The moment is so over the top that it induces more laughs than gasps, which is probably by design. Trouble is, Rick's actions are completely unwarranted within the context of the film. Again, this entire finale is basically Tarantino dishing out his own brand of justice against real-life murderers, but considering that Rick a) had no idea who the young woman was and b) was not in harm's way at any moment during the confrontation, the situation probably warranted a slightly less exaggerated response. 

Cliff beats up a hippie

During a particularly creepy scene in "Once Upon a Time in Hollywood," Cliff ventures with a young woman to Spahn Ranch, where a large contingent of Charles Manson's followers reside. With the ranch doubling as a movie set a few years back under the supervision of Cliff's old buddy George Spahn (Bruce Dern), its current residents prompt Cliff to make sure ole George isn't lying dead in a ditch somewhere. 

Naturally, the tense scene gives way to hilarity when Cliff finds George lying in bed, ornery as ever and very much aware of the weird people lingering about his property. Slightly humbled, Cliff makes to leave but finds a knife stuck in the wheel of his car and a snickering hippie lingering nearby. Angered, he grabs the shirtless Manson follower and proceeds to beat the living hell out of him until he rectifies the problem. 

Tarantino uses this moment to show Cliff's near superhuman levels of strength, grit and confidence, but his actions seem a little excessive considering he was the one who intruded upon the property in the first place. Again, knowing the true history of the Manson family, this scene should evoke cheers. But in the context of the film, Cliff goes one step too far to make his point.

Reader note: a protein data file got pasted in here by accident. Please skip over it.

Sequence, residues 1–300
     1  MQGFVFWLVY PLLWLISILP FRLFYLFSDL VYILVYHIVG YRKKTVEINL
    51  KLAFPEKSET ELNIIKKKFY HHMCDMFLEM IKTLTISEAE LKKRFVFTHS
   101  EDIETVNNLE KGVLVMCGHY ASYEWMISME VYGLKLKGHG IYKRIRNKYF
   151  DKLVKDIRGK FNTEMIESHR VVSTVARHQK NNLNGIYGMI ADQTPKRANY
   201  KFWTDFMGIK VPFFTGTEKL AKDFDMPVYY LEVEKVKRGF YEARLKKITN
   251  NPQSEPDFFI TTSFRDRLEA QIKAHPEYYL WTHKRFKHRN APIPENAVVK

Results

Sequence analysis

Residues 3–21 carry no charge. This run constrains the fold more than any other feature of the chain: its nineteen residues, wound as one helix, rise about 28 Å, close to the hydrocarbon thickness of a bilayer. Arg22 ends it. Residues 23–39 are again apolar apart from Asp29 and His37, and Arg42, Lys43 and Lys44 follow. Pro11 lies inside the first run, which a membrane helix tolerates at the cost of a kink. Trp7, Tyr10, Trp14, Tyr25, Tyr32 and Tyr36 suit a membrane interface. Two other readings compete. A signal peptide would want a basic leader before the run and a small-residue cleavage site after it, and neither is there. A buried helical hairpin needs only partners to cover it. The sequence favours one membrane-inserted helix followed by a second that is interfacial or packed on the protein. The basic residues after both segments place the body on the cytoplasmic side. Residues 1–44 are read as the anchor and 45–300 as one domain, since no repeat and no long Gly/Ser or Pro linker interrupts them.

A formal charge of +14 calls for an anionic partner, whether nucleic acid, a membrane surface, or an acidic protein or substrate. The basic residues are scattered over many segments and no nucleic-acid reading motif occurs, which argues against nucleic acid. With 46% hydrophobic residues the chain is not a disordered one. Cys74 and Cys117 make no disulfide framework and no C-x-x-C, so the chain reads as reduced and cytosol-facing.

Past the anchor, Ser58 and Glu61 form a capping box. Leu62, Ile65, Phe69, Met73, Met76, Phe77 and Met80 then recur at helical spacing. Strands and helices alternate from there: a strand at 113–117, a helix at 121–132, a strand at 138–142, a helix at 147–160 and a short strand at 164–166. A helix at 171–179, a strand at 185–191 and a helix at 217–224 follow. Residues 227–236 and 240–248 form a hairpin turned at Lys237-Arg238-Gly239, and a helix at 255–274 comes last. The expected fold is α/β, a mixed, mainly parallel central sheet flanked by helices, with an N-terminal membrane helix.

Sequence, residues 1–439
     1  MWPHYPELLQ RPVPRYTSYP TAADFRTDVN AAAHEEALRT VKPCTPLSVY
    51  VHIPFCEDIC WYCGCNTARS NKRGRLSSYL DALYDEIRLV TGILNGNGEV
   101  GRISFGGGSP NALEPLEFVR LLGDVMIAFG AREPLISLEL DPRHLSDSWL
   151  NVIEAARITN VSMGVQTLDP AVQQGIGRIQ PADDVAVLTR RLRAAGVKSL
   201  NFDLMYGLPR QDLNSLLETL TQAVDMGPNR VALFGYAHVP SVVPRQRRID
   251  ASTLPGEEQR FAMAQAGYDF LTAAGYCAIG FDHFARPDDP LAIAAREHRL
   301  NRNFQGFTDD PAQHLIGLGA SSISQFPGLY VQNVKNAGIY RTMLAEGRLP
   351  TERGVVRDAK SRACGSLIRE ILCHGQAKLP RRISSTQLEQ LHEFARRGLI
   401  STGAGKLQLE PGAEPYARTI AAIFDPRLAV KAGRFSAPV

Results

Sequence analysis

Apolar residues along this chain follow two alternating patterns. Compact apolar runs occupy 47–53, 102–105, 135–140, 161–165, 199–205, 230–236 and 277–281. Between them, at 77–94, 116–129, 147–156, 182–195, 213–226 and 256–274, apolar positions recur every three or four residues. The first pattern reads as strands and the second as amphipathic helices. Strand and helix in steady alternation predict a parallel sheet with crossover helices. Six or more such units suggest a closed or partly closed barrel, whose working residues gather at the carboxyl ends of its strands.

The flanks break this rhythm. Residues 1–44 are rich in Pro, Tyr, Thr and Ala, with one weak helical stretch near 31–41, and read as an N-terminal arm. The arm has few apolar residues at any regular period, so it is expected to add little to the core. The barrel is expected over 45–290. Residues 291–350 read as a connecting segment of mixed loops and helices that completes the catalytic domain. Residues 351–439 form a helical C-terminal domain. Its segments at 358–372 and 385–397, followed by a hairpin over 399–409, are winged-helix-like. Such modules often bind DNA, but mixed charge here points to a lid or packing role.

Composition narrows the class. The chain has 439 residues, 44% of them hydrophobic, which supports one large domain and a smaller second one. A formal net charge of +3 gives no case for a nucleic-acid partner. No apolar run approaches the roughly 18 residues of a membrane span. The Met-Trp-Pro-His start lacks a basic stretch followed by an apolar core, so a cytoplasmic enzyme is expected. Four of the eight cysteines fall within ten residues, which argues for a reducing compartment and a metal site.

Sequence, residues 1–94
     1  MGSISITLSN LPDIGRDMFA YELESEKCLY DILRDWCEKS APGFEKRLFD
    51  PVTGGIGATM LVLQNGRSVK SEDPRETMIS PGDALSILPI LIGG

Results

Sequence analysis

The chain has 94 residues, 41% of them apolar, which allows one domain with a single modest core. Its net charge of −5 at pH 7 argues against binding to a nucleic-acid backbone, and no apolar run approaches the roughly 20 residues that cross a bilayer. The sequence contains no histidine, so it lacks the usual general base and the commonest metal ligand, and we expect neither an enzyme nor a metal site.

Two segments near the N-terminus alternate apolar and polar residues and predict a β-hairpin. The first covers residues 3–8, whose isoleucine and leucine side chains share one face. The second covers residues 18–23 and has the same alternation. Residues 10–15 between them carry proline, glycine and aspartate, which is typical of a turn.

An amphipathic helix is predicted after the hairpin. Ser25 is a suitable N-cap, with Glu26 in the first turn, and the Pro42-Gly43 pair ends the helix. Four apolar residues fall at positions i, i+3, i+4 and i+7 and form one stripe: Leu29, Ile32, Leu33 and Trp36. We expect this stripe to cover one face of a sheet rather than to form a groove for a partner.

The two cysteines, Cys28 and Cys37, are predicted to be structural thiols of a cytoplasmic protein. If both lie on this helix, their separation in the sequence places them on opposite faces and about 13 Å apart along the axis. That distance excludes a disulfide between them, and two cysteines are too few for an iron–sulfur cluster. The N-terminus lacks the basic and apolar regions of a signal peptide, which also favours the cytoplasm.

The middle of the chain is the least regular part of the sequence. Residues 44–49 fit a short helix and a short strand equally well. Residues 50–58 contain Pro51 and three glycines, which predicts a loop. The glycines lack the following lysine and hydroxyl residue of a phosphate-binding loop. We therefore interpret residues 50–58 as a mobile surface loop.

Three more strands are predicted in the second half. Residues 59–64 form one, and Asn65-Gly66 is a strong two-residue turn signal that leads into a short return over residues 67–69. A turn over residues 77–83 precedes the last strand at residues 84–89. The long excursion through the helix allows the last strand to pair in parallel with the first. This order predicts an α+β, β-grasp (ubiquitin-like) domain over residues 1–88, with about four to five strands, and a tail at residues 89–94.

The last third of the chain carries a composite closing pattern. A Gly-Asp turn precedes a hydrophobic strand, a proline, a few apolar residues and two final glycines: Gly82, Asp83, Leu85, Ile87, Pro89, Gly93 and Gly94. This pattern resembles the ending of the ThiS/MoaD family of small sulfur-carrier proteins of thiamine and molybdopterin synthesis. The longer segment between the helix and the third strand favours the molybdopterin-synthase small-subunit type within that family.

Cliff murders his wife

"Once Upon a Time in Hollywood" incurred a fair bit of controversy when it revealed that Cliff may have murdered his wife — a tidbit meant to echo the mysterious death of famed actress Natalie Wood. In a flashback-within-a-flashback sequence, we see the stuntman meandering about his boat, a beer in one hand and a harpoon gun in the other. His wife Billie (Rebecca Gayheart), sitting in a lawn chair at the bow of the craft, drunkenly insults him. Cliff calmly sits in a seat opposite her and seems to subconsciously aim the gun towards her before the scene ends abruptly. 

Tarantino reveals in his novel for "Once Upon a Time in Hollywood" that Cliff did indeed kill his wife, but doesn't confirm whether the action was accidental or intentional. We do learn that he tried to save her and that there wasn't enough evidence to convict him. We also learn that Cliff has killed other people in fits of rage, which makes his actions throughout the movie a tad, ah, questionable.